After 10+years in private practice, Jenny’s sweet spot is depression counseling – helping teens and their parents through depression and anxiety (which often are the root cause of other detrimental behaviors that may bring them to counseling in the first place) and rebuilding connections that can often deteriorate during those difficult times. Jenny uses a combination of attachment theory and cognitive behavioral therapy in her sessions.
Jenny’s journey toward her future career began two weeks before her 17th birthday on the road to a week-long summer youth camp with her church. One minute she remembers giggling over Seventeen magazine ads with friends a few rows ahead of her in the 15-passenger van, the next moment she’s recalls being rushed to the hospital after being struck by a cement truck.
A few years later, her world crashed in on her as she realized that she could no longer hold on to the facade that she was “ok.” What she didn’t know, didn’t have a name to, was that she had PTSD. She had labeled it so many other things, all pointing to some innate deficiency: weak, failure, unworthy. Finally being able to put a name to what she was experiencing, knowing how to define her inner world, was indeed half the battle and the beginning to healing and empowerment.
Jenny has extensive experience counseling in the following areas: sexual assault trauma, crisis intervention, human trafficking trauma, domestic violence trauma, grief counseling, dissociative disorders, OCD, adoption and foster care work, healing for children and spouses of NPDs and BPDs.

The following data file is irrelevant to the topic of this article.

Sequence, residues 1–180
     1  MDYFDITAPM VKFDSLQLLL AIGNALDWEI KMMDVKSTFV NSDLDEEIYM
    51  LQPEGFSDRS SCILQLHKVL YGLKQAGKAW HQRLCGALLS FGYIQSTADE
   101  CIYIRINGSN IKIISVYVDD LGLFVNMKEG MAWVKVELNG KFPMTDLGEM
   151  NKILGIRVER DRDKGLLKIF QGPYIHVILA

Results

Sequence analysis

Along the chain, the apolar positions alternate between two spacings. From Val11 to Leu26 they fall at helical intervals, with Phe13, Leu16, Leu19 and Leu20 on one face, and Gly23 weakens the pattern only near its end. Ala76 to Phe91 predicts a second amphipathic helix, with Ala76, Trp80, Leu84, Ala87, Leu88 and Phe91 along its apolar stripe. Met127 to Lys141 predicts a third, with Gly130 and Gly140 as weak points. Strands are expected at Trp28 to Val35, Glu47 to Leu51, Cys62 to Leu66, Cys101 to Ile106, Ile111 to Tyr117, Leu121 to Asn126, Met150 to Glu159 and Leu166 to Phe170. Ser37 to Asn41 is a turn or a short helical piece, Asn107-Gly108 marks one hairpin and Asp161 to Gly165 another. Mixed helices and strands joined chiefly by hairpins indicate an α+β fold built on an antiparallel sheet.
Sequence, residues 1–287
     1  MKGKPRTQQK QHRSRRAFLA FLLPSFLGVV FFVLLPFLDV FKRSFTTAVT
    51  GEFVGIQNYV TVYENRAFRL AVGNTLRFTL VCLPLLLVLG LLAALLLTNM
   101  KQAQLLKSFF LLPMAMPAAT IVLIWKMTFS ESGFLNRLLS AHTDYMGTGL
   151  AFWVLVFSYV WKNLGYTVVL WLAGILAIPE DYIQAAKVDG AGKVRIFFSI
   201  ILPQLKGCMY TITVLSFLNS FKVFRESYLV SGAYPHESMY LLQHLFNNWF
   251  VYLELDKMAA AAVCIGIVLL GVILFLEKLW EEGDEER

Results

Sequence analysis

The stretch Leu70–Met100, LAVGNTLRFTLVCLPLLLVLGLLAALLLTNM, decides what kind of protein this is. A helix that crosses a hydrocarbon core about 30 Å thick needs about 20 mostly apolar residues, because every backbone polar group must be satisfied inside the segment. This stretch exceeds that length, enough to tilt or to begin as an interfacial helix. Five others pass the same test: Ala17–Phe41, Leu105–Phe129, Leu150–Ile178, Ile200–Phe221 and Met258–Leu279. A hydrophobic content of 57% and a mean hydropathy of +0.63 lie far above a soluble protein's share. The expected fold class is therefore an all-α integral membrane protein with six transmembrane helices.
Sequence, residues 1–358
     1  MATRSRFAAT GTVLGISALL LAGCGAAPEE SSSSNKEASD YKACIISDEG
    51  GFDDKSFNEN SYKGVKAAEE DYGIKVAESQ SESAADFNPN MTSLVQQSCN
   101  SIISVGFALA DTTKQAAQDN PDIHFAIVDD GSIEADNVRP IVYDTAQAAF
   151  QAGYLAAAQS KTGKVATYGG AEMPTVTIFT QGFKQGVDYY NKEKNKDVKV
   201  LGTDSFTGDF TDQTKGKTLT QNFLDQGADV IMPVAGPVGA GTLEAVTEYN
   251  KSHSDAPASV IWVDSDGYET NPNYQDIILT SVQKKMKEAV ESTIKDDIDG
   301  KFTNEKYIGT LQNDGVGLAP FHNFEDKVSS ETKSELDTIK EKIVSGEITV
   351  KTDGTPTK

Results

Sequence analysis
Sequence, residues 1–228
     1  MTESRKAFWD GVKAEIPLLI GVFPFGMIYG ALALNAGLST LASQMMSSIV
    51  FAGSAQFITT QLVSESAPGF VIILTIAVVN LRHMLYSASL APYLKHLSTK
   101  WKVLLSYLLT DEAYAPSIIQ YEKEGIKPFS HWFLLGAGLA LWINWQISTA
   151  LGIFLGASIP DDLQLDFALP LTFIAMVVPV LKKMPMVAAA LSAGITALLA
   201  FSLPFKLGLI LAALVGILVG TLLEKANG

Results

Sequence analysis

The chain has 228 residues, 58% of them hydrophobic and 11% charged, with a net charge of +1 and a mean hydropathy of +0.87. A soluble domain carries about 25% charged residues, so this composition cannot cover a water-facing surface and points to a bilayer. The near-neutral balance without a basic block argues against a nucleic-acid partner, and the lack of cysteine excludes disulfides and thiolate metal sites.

To put it simply, we all long to be connected to significant people in our lives, and disconnection is fueled by the fear of either 1) being unable to get the connection we need, or 2) others being unable to provide the connection we desire. So come prepared to discover the root of areas of disconnection in your life, as well as work towards practical steps to move toward connection.
She is also a regular speaker at area Chinese churches, speaking to immigrant parents in order to help bridge the generational and cultural gap that immigrant parents and their Asian-American children can find themselves in. A neuropsychology nerd, she likes to incorporate brain science and practical techniques to help facilitate understanding and communication.